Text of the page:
While supporting the principle of purpose built student accommodation, a number of local organisations, including the St Andrews Preservation Trust, the Confederation of St Andrews Residents’ Associations (CSARA) and St Andrews Sailing Club, together with local residents, have objected to the University’s proposals (see Fife e-planning service). At the time of posing this article St Andrews Community Council had asked to see the University’s Travel Plan before responding. Overall, Fife Council has received 17 objections and 4 letters of support.
As previously reported by QV, the University has lodged a planning application to build accommodation blocks for 960 students, up from 350 previously accommodated at Albany Park, and a Facilities Building.
Concerns about the development include access, increased traffic in the East Sands area, inadequate provision of parking, lack of a travel plan for students moving between Albany Park and their teaching locations in town, capacity of the sewer system and treatment works, the design and massing of the buildings and their impact on the surrounding area.
St Andrews Preservation Trust has suggested that the proposals are contrary to several FIFEplan policies and makes a number of critical observations:
‘The amount of building required at this site would result in a massive urban design dominating the landscape setting of the East Sands and have a negative impact on the area.’ St Andrews is renowned for the quality of its beaches and is Fife’s main contributor to income from tourism.’ It later states that such a large development will have an adverse impact on the landscape setting both to and from St Andrews Cathedrals and the harbour, both A-listed structures’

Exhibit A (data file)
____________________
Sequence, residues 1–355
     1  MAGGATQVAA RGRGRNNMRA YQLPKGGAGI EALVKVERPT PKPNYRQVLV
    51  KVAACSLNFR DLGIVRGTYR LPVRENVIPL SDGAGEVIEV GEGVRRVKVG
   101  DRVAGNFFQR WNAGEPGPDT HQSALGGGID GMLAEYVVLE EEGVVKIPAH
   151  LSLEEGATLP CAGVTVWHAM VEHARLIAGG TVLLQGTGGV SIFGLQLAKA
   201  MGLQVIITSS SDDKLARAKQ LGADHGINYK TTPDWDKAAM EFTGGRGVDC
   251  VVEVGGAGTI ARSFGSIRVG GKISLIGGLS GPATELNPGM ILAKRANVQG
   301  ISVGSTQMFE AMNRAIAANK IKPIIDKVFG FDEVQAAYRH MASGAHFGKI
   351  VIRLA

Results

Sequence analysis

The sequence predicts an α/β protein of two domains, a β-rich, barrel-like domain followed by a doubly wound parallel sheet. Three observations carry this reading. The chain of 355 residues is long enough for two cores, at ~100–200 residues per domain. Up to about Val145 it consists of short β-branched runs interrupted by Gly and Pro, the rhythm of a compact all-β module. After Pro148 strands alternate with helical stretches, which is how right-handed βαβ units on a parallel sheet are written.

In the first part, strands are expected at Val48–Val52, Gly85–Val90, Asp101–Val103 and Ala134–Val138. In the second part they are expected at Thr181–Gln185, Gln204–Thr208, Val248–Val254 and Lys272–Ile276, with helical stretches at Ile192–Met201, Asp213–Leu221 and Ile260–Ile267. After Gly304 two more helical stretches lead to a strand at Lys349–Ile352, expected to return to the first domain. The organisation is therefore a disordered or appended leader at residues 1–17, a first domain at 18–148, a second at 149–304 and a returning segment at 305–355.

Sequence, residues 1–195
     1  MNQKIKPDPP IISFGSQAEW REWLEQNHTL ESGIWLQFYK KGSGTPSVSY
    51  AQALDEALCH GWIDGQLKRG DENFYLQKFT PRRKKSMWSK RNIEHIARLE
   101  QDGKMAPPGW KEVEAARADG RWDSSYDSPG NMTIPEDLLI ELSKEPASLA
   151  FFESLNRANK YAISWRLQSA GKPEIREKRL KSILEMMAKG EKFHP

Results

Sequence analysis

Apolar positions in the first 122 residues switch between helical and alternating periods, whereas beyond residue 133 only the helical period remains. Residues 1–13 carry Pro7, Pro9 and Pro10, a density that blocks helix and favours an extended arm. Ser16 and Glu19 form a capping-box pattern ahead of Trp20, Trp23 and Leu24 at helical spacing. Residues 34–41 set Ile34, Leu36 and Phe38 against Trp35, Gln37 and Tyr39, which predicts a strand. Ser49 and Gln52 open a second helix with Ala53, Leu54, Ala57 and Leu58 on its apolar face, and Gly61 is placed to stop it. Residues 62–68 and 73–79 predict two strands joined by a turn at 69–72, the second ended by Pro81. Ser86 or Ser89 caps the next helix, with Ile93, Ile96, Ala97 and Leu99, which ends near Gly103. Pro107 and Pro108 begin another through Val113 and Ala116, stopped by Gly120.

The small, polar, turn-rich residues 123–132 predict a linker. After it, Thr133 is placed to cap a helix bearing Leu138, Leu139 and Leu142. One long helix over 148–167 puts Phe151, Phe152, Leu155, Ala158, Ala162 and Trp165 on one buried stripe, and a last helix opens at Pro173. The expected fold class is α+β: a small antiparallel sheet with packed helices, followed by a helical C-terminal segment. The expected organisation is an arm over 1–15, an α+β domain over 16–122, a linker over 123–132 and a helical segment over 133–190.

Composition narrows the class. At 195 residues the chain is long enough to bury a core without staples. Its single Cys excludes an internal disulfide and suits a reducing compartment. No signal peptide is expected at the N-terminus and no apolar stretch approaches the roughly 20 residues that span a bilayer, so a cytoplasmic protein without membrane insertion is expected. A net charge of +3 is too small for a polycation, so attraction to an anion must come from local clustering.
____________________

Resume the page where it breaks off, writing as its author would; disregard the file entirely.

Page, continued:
It continues: ‘The need for safe routes for cycling and walking. 900 students (actually 960 – QV) at Albany Park added to the 200 at Ayton House adds up to a huge amount of people trying to get into the town along routes that were not designed for large numbers of pedestrians and cyclists trying to access the town’.
The Trust concludes ‘The main objection lies in the fact that trying to fit 900 (960) students into this site has determined a design that is not compatible with the area. The scheme could work very well in an city setting but density and massing of the buildings and the lack of adequate infrastructure in such an important part of this historic town leaves us with no option but to make a strong objection to this application’.
Like the Preservation Trust, the Confederation of St Andrews Residents’ Associations (CSARA) is concerned about the lack of safe routes between the proposed development and University teaching facilities as well as the detrimental impact of the buildings on the area – particularly their height, which it claims contravenes Fife Council’s East Sands Urban Design Framework – that ‘buildings which give frontage to the shoreline and the return on Woodburn Place should not rise above one and a half stories [2 where a change in level can accommodate additional height].’